Female Role Portrayals Not Matching The Public Expectations

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There have been many ethical discussions about female role portrayals not matching the public expectations i.e. the female characteristics been narrowly described and disapprovingly presented in a stereotypical manner such as not intelligent, fragile, irrational, decorative, submissive and subservient to men (Courtney, AE & Lockeretz, SW 1971; Venkatesan & Losco 1975; Belkaoui & Belkaoui, 1976; Goffman 1979; Blackwood 1983; Bretl & Cantor 1988; Jolliffe 1989; Luebke 1989; Kang, EU 1997; Acevedo, CR et al. 2006). But due to Women’s movement, few changes were witnessed in both female traits and the visual aspects of the related advertisements.
A further research done by Sullivan and O’Connor (1988) suggested that the advertisements
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But somehow, the recent studies showed the good-looking female endorsers are employed effectively, strictly matching to the product type (Lin & Yeh 2009). However, Shields (1997 cited in Carpenter & Edison p.7) have argued that “These messages are used to sell everything from cosmetics to cars to beverages, provide a prescription for how women should look and be looked at, how they should feel, and how they are expected to act.”
Furthermore specialists on “feminist movements” also debate that previously advertising illustrations and expressions of female parts were more of solid “signs of objectification and representative of male desire where women were appeared to be more controlled than men under the societal expectations” (Dvir et al., 1995; Rayburn et al., 1999 cited in Lin & Yeh 2009). But few experts propose that the modern role depictions are neither excessively prevalent nor necessarily archetypal of typical feminine roles (Courtney and Sarah 1971; Whipple and Courtney, 1985; Zhou and Chen, 1997 cited in Lin & Yeh 2009).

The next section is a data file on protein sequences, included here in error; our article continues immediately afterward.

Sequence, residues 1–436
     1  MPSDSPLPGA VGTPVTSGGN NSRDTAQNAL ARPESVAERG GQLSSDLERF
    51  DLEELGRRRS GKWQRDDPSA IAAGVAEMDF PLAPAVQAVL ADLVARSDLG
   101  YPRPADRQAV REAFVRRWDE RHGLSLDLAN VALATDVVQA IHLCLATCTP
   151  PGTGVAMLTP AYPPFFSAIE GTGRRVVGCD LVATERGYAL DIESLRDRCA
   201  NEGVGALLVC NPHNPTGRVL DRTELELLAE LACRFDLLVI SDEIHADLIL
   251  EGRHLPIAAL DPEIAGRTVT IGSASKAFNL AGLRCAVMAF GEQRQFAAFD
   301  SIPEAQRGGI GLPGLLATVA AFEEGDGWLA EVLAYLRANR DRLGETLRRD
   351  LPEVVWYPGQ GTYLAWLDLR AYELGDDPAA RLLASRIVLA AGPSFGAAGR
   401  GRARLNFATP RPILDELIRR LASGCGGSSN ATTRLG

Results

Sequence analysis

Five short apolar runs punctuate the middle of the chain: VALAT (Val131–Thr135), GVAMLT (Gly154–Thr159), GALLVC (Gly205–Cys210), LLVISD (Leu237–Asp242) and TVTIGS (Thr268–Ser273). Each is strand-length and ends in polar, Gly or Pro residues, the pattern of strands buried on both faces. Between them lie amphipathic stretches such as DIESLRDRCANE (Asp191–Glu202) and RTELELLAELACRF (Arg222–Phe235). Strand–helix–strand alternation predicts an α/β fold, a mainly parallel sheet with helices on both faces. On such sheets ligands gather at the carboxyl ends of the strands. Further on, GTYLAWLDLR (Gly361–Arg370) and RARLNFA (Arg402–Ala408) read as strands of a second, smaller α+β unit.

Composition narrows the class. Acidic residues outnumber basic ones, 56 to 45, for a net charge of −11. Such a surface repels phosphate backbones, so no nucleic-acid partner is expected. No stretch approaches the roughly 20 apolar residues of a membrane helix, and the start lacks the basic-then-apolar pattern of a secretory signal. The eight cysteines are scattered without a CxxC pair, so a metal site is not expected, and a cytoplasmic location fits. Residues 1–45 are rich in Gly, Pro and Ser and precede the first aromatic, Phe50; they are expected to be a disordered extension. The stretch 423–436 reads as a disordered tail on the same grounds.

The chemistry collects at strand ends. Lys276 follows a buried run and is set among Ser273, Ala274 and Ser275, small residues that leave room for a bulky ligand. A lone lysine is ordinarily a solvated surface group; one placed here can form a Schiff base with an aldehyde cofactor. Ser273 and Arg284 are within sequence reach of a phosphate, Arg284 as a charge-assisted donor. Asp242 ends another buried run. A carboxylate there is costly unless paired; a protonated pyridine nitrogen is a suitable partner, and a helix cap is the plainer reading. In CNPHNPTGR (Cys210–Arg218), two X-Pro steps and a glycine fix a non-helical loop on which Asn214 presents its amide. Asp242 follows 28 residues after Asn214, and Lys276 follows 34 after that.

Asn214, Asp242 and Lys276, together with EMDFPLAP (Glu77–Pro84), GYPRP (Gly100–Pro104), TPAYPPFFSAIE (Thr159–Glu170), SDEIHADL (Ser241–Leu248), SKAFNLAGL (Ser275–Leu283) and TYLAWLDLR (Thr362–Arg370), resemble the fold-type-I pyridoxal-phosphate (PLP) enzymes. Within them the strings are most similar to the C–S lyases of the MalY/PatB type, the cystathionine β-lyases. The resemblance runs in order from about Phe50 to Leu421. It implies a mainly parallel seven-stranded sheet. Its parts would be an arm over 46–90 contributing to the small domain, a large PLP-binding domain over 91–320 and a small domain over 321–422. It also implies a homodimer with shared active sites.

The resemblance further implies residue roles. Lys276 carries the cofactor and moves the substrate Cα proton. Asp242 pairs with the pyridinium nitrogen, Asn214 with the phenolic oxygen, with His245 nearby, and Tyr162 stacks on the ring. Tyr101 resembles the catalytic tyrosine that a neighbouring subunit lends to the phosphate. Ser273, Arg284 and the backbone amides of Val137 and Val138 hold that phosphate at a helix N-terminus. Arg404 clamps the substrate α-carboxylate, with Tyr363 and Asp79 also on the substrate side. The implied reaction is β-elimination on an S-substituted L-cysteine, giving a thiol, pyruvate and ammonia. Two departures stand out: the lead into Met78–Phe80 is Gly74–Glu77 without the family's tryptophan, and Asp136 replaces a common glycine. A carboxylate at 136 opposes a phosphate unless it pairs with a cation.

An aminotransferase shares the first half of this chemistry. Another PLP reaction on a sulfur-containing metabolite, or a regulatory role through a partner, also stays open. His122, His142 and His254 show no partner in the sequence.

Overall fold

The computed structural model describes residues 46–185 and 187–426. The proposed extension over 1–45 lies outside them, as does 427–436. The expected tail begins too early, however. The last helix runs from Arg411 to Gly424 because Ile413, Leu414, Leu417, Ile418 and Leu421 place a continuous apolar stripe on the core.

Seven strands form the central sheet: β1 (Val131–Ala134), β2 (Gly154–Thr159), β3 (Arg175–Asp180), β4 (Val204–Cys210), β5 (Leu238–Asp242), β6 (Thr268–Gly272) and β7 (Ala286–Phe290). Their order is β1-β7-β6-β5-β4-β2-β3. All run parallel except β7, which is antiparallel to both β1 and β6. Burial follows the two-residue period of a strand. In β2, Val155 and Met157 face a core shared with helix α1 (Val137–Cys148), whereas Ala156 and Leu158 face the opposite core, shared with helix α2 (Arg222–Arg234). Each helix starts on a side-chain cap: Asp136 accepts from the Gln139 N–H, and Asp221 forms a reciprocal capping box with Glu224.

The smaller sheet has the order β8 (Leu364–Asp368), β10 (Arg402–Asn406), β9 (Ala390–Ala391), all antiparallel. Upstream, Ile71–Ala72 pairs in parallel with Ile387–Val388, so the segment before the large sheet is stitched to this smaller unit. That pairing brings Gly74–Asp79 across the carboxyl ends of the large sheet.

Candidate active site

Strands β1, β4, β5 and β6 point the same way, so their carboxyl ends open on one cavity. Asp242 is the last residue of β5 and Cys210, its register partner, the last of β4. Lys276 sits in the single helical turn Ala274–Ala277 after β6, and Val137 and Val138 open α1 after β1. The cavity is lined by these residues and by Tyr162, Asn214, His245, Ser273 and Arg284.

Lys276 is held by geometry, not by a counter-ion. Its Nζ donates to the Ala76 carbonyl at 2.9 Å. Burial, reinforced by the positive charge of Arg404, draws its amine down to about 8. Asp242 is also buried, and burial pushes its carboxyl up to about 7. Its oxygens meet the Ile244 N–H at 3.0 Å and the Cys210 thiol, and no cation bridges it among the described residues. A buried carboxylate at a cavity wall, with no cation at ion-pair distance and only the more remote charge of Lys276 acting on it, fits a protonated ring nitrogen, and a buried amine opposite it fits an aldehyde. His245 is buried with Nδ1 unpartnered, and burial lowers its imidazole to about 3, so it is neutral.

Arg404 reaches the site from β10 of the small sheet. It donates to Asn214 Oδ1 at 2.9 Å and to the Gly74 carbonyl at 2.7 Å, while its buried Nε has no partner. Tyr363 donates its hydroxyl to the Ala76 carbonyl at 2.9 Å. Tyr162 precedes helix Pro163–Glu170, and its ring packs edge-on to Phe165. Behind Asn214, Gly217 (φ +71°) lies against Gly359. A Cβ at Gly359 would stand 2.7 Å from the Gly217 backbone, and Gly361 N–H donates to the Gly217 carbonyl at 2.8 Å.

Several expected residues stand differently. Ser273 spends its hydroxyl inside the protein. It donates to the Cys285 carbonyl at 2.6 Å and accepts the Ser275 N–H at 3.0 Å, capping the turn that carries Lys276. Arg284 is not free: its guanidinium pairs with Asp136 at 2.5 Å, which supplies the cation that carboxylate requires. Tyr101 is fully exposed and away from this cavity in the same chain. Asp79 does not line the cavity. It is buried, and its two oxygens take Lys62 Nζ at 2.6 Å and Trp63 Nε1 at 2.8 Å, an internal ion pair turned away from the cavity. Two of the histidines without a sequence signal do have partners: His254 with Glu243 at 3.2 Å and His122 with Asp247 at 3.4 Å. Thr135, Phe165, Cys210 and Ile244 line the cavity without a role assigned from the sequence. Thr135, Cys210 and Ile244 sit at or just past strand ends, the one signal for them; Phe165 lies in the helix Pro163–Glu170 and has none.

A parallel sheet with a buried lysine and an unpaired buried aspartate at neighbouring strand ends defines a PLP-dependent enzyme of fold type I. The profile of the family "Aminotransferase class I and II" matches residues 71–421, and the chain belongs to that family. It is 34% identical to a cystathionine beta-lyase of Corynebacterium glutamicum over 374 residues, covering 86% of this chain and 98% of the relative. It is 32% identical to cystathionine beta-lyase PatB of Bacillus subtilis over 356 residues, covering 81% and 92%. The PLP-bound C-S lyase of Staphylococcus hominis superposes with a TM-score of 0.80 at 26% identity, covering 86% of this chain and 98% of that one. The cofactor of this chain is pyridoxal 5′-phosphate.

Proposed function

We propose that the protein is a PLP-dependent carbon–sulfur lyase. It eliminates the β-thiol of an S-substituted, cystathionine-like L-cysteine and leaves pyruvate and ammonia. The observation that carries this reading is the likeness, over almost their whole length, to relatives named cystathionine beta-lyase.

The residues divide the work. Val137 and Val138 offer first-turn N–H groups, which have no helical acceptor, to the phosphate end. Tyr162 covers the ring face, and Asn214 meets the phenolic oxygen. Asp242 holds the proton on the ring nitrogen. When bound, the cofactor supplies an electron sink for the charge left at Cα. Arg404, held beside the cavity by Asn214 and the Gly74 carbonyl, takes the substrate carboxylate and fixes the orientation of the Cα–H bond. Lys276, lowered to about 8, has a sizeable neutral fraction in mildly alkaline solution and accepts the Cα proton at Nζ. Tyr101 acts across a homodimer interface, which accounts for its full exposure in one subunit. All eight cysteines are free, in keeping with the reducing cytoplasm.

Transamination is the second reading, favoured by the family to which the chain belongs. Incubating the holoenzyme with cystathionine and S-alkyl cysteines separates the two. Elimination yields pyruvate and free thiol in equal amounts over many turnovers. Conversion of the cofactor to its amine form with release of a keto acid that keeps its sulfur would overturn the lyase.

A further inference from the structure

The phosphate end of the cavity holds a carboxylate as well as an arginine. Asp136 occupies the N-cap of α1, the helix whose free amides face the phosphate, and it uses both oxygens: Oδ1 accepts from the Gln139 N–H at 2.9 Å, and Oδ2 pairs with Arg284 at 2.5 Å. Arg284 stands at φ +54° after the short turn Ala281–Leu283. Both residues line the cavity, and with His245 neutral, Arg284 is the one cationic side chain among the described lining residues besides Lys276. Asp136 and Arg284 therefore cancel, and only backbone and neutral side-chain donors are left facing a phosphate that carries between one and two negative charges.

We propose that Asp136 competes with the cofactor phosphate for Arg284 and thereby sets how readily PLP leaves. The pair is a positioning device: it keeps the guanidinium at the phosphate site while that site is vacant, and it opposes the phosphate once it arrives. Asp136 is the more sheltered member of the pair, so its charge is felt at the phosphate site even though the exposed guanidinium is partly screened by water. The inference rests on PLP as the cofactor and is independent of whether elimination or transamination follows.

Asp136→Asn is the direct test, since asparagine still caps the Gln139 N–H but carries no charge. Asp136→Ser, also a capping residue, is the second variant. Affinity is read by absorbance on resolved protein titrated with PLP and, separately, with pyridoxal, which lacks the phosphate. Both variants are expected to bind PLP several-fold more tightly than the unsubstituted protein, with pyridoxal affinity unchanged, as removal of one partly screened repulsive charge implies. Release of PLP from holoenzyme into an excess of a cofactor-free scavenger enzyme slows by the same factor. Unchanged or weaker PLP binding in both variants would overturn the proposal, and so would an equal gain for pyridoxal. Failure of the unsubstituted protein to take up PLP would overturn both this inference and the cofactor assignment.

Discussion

Even today, the recent studies suggest that advertisements do not reflect the contemporary gender roles and advertisers still incorporate clichéd images that no longer exist (Zotos & Tsichla 2014). There has been a gap to understand whether this way of representation is due to cultural effects and the role of social foundations that continue to diffuse non-comparable attitudes and hierarchical structures in the relationship between the
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